True creative genius is hard to find and impossible to fake. When it’s genuine, it’s awe-inspiring. And, typically, it comes from the most unsuspecting of people – the quiet, shy, closed-off among us, brains constantly whirring with ideas and plans. Chris Sievey was one such individual and Being Frank: The Chris Sievey Story is a fantastic insight into the man underneath the paper mache head.
Born and raised in and around Manchester, Chris was an imaginative child, constantly drawing, painting, creating, thinking up clever ways of always being one step ahead of his friends. As a teenager, he collaborated with his older brother Martin, making tape after tape of self-recorded EPs, sending them out to record companies attempting to land a deal. Considered a bit of a wheeler-dealer, Chris knew early on how to get a laugh, but music was his true passion. In the early 1980s, his band The Freshies landed in the charts, self-proclaimed for not being ‘cool’, with titles including ‘I’m in Love with the Girl on a Certain Manchester Megastore Checkout Desk‘, which peaked at number 54 (a travesty, it’s a great track). After a string of mediocre singles, Chris wanted to up the ante of their performances, and so Frank Sidebottom was born.
Originally described as a super-fan, Frank was a 35 year-old, suit-wearing square, living at home with his mother, obsessed with The Freshies, football, and Timperley, his hometown. While Sidebottom was originally considered a side project for Chris, it was soon clear to everyone involved (Chris, his band-mates, maybe even Frank himself) that he was the real star. Word quickly spread about The Freshies‘ fantastical fan, and so crowds at their gigs grew, if only to get a glimpse of the man, the myth, the legend. Frank was soon landing his own musical performances and guest spots on television shows and radio programmes, always cheery, enthusiastic, and seemingly oblivious to how popular he really was. However, the same couldn’t be said for his creator, who slowly spiralled down into a world of drink, drugs and depression.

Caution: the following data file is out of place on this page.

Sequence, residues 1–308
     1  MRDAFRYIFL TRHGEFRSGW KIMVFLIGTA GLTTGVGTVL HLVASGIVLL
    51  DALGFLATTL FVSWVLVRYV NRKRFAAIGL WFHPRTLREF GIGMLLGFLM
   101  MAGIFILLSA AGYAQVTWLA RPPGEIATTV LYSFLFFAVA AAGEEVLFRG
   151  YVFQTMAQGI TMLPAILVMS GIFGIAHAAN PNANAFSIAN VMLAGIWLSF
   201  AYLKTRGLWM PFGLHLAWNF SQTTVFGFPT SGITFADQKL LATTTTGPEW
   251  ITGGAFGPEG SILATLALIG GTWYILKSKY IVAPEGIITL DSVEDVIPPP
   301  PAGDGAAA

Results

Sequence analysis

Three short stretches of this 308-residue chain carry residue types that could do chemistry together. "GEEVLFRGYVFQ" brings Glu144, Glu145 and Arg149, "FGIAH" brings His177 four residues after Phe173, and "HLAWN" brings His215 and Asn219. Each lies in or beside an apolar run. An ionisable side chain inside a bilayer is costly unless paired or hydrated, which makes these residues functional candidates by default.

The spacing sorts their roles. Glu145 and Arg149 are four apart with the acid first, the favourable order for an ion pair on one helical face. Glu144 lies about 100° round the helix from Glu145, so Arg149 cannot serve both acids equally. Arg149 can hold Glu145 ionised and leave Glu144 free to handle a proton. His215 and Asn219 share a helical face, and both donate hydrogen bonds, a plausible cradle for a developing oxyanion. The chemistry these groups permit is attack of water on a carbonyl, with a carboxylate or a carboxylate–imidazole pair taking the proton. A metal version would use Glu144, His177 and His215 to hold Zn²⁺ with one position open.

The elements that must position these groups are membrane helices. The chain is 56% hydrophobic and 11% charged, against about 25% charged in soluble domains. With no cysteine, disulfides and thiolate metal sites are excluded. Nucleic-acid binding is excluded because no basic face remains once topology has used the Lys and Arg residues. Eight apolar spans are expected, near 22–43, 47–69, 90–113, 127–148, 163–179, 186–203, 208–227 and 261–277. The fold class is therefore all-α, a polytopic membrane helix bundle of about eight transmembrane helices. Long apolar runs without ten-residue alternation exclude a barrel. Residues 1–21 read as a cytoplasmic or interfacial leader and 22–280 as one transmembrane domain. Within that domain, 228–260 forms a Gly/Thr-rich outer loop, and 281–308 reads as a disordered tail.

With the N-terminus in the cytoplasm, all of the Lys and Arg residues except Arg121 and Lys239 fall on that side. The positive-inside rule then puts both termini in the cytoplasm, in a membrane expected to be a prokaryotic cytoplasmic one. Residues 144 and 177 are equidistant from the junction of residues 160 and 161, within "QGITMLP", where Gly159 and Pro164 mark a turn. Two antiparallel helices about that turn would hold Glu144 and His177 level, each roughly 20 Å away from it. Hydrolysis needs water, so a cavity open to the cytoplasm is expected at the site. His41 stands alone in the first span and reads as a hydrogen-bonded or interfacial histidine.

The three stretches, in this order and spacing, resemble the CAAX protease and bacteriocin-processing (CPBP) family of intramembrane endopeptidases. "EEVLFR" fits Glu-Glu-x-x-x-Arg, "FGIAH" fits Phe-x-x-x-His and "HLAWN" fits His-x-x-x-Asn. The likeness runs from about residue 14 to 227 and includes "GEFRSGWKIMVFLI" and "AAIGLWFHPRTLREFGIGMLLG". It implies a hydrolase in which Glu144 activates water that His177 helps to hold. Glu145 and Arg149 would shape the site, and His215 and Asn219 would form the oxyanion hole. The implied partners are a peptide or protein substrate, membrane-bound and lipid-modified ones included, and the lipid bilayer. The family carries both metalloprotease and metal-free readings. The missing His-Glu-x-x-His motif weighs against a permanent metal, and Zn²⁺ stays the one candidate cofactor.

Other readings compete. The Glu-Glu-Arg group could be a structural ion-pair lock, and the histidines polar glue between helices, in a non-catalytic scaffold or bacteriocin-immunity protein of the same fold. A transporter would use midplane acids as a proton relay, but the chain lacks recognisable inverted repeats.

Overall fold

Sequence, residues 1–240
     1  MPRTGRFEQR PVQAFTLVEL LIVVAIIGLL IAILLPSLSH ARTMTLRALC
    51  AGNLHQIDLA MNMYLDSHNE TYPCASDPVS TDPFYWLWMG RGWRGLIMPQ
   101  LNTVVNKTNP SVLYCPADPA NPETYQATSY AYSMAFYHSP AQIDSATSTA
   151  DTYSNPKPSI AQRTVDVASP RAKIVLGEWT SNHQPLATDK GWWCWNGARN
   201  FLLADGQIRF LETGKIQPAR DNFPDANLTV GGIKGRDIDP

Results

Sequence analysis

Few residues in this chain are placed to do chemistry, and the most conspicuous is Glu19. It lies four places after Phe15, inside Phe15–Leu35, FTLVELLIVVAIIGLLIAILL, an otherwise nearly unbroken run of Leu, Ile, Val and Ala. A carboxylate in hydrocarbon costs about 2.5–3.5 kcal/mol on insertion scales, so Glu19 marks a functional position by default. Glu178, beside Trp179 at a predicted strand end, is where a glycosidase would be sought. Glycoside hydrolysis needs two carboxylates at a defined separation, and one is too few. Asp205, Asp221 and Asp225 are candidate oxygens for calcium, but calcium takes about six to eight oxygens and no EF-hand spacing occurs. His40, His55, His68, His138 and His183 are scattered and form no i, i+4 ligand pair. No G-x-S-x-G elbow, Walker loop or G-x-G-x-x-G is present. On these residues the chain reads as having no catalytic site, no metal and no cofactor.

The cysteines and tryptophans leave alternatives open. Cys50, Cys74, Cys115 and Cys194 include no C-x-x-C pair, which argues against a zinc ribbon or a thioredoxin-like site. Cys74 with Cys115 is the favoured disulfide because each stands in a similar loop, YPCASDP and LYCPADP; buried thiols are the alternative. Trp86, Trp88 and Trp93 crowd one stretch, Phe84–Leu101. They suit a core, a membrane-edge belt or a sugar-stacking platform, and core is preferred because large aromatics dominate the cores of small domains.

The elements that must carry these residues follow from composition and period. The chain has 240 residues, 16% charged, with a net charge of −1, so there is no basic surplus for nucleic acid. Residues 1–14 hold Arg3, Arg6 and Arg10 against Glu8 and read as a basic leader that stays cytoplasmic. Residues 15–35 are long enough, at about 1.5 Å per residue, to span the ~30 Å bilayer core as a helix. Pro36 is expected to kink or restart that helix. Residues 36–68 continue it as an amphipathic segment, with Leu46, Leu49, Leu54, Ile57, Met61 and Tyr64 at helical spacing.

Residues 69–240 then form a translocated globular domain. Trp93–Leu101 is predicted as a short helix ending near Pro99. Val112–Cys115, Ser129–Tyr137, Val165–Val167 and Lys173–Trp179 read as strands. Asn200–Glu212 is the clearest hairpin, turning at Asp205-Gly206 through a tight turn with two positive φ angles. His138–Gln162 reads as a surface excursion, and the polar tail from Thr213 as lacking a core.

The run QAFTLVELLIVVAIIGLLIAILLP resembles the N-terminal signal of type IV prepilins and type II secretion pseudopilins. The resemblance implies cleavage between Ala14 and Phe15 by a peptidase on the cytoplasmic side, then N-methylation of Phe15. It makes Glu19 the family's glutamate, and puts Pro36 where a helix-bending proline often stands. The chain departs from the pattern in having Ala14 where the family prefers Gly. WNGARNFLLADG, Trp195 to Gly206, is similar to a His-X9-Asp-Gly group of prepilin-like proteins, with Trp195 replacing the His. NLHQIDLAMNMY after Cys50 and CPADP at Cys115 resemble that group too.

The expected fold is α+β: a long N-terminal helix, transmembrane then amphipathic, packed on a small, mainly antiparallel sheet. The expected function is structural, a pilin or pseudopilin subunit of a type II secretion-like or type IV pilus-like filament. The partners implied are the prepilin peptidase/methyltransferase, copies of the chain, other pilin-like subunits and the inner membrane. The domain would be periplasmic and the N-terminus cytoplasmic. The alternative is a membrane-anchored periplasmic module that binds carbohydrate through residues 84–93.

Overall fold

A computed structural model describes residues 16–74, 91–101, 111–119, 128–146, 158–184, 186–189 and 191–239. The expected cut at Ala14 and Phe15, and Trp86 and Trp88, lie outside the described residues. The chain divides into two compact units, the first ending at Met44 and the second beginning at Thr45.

While Being Frank doesn’t skew typical documentary conventions, what makes it special is its content. Packed full of interviews with those closest to Chris and Frank, we see appearances from his children (Stirling, Asher and Harry), older brother Martin Sievey, comedians Ross Noble and Johnny Vegas, author Jon Ronson, radio DJ Mark Radcliffe (who was part of Frank’s band, The Frank Sidebottom Oh Blimey Big Band), punk poet John Cooper Clarke, Chris’ band mates, and Frank’s own superfans. Director Steve Sullivan saved what can only be described as a treasure trove of original Chris content from his house – notebooks, diaries, video and cassette tapes, props, artwork, work-in-progress plans – giving his audience a detailed, in-depth, privileged look into the life of one of the UK’s best comedy brains.
At times, laugh-out-loud hilarious, at others, surprisingly moving, Being Frank feels a little like we’re riding a roller-coaster. From Chris’ humble beginnings – living in a pokey flat, avoiding paying his bills and instead planning his latest shot at fame – to the heady heights of Madchester stardom, we can almost track his feelings along the way, and spot when things took a turn into a fast downfall. While friends and comedy colleagues have a good idea of who Chris was, listening to his family talk about him are maybe the most moving pieces of film I’ve seen in a while; they knew a softer side to him, the man behind the mask, the one they’ll miss most.
As someone who wasn’t aware of Sievey, Being Frank is an incredibly fascinating deep-dive into both Chris and Frank. All at once it’s an inspiring, heartwarming, heartbreaking documentary, with a portrait of Chris built from insights from his nearest and dearest. If this doesn’t inspire you to go off and make music/paint/build yourself a huge, cartoon head, I don’t know what will.
Being Frank is available now on Blu-ray and DVD.
Order it now: https://amzn.to/2GS1ARi